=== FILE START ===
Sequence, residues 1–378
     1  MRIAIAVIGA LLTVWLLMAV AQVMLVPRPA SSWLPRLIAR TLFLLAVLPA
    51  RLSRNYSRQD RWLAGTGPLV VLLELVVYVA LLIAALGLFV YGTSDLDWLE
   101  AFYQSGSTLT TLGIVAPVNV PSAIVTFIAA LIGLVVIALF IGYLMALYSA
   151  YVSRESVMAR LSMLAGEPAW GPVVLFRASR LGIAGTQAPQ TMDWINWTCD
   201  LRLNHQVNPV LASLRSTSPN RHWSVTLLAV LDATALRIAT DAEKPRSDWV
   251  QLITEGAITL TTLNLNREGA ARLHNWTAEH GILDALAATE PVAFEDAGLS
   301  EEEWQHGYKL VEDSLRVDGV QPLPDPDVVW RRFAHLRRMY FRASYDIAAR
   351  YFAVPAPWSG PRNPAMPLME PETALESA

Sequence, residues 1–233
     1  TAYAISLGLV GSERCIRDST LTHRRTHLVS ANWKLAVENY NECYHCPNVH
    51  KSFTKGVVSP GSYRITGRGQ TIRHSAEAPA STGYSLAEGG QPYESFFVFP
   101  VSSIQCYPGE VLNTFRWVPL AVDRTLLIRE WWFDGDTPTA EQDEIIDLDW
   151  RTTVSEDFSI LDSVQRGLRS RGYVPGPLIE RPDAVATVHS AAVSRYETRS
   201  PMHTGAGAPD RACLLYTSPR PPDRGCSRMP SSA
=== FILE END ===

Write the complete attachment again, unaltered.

Sequence, residues 1–378
     1  MRIAIAVIGA LLTVWLLMAV AQVMLVPRPA SSWLPRLIAR TLFLLAVLPA
    51  RLSRNYSRQD RWLAGTGPLV VLLELVVYVA LLIAALGLFV YGTSDLDWLE
   101  AFYQSGSTLT TLGIVAPVNV PSAIVTFIAA LIGLVVIALF IGYLMALYSA
   151  YVSRESVMAR LSMLAGEPAW GPVVLFRASR LGIAGTQAPQ TMDWINWTCD
   201  LRLNHQVNPV LASLRSTSPN RHWSVTLLAV LDATALRIAT DAEKPRSDWV
   251  QLITEGAITL TTLNLNREGA ARLHNWTAEH GILDALAATE PVAFEDAGLS
   301  EEEWQHGYKL VEDSLRVDGV QPLPDPDVVW RRFAHLRRMY FRASYDIAAR
   351  YFAVPAPWSG PRNPAMPLME PETALESA

Sequence, residues 1–233
     1  TAYAISLGLV GSERCIRDST LTHRRTHLVS ANWKLAVENY NECYHCPNVH
    51  KSFTKGVVSP GSYRITGRGQ TIRHSAEAPA STGYSLAEGG QPYESFFVFP
   101  VSSIQCYPGE VLNTFRWVPL AVDRTLLIRE WWFDGDTPTA EQDEIIDLDW
   151  RTTVSEDFSI LDSVQRGLRS RGYVPGPLIE RPDAVATVHS AAVSRYETRS
   201  PMHTGAGAPD RACLLYTSPR PPDRGCSRMP SSA